How many parents, I wonder, have had to learn the hard way, as I did, how delicate the relationship is between an adult and a child, and how easy it is to distort it?



        Like so many other children, my daughter Dena is growing up in a family where her father is frequently away from home; and, like so many fathers, I tried to make my homecomings compensate for these separations. I'd arrive with joyous shouts and a suitcase full of presents, sweep Dena into my arms and smother her with plans for the next day, the next week. I'd hug her close, trying to make up for the lost time, the missed love. But my exuberance just didn't seem to be contagious; at each reunion she responded to me less. And I didn't know what to do about it.



        Then in the spring of 1954, when Dena was seven, I was faced with a protracted absence from home. A U.N. official had said to me, "We're trying to help some children grow up instead of dying at the age of eight or ten, and we'd like you to give us a hand." He explained that an anti-TB vaccine costing only one cent per shot could mean life to uncounted African and Asian children; that one injection of penicillin could cure the terrible ulcers of yaws, that leprosy, malaria, and other ancient scourges to which millions of innocent children are heir could be defeated by modern medicine - if the world would only help.



        He asked me to tour the medical and nutritional stations maintained by the United Nations Children's Fund and the World Health Organization, and with a camera crew shoot a color film to be entitled "Assignment Children". It was hoped that this film would focus public attention on the problem and elicit the support so desperately needed. The U.N. official also thought I might be able to entertain the children and help them overcome their fears when suddenly faced by doctors and glittering medical paraphernalia. There was little I could say but yes.



        I delayed telling Dena as long as I could. Then suddenly at bedtime on Sunday evening she looked me in the eyes and said solemnly, "You're going away."



        "Well, ." I said. "Yes." While I stalled and searched for the best way to breaking the news, she had seen the truth and spoken it.



        "When are you going?" she asked gravely.



        "Not for a whole week. And we'll have a ball during that time. A beach party every day, if you like. How about it?"



        "All right," she said, but without enthusiasm. Dena had already gone away from me.



        We opened our tour by joining a mobile U.N. vaccination unit in India, traveling from one small village to another. The children were naturally awed and frightened when we arrived with our needles, and my job was to win their friendship, and confidence. For me to be introduced to them as a movie star was obviously ridiculous. These children didn't know what a movie was. If I exploded upon them with a big fanfare, they'd only see a big-mouthed redhead who made a lot of noise in a foreign language and interrupted something much more important, such as drawing a picture in the dust or thinking secret thoughts. All children fave a great sense of privacy and you violate at your peril.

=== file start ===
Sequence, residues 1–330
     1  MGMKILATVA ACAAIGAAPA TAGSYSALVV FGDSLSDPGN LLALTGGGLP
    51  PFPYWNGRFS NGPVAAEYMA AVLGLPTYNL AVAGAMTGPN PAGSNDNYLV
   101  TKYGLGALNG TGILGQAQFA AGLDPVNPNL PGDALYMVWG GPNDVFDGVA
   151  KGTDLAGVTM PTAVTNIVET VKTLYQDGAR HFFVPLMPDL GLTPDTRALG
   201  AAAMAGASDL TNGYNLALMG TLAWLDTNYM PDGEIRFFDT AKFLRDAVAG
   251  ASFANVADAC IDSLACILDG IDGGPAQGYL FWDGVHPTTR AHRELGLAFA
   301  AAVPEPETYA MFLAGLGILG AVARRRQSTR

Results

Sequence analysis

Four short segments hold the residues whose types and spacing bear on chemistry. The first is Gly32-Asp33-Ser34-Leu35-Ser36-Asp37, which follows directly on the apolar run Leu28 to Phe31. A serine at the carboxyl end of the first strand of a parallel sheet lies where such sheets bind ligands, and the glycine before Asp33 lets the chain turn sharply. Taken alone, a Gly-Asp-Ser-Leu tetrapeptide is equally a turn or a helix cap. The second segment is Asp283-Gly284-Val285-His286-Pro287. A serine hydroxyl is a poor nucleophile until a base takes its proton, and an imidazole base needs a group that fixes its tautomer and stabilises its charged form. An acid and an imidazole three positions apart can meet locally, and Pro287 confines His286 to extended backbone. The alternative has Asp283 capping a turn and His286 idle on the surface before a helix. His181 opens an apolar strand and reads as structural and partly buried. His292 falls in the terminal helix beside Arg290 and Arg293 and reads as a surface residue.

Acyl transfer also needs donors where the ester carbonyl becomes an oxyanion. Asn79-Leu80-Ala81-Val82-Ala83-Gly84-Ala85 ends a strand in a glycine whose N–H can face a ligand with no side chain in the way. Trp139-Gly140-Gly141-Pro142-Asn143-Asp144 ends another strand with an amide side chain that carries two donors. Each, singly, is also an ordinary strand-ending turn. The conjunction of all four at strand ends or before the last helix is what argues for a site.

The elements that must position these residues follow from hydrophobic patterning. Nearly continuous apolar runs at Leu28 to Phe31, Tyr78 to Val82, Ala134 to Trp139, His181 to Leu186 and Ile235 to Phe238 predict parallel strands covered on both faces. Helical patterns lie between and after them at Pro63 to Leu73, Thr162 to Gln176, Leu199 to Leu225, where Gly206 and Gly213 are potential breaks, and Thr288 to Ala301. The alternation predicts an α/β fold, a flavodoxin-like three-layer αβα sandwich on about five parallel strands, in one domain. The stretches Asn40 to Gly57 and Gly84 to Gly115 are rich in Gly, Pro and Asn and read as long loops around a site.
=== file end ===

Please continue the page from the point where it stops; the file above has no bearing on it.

I quickly learned to move in quietly, letting them come to me. I'd wander through a village and sit down on the ground someplace, certain that curiosity would eventually lead the children to me. When they got close enough I'd make a funny face at them and there'd be giggles. Soon someone would make a funny face back and we'd have a fine contest going, with everyone laughing and relaxed. Then I'd clap hands and start a follow-the-leader that took us down the lanes and around the temples and pagodas, to end up before the waiting doctors. The children submitted to the injections, comforted not by any skills of mine but because they saw in me a reflection of themselves. Thus the adult would was suddenly not quite so alien and overwhelming.



        I remembered this lesson when I went to entertain patients in the children's ward in Mysore Province in south-central India. It was a day when the vary land seemed fevered. Twenty iron cots lined the walls of a stifling room, and at the far end was an upright piano. The children paid no particular attention to me as I walked down the aisle between the beds, nor did I to them. Standing beside the piano and tapping the beat out lightly, I hummed a song to myself. A couple of little boys glanced at me curiously, then turned back to the beads they were stringing.



        My accompanist whispered to me, "Danny, belt one out! Wake 'em up!"



        I shook my head. "Give me 'Blue Skies', real easy."



        This time I sang the lyrics instead of humming, but quietly, again as if to myself. Several children were gravely watching me now, and by the time I had started the third song a few of the more venturesome had climbed out of bed and come over to the piano. When I finished the song we stared at each other for a moment of dignified silence, then I made a face and they laughed. It was that laughter that brought every child in the room to attention and soon into the party. Their laughter made us friends, not mine. They came to me, and on their own terms.



        But somehow I didn't see how this lesson applied to my relationship with Dena. Not until I witnessed little Kirim and his parents, and their ordeal in a primitive hospital in central India. Kirim was a delicate boy of five, brought in for surgery. He was given an anesthetic, and operated on and placed in a small crib to regain consciousness. Throughout the entire procedure his parents stood reassuringly close by, where, until the anesthetic took over, he could see their calm dignity, their outward appearance of serenity.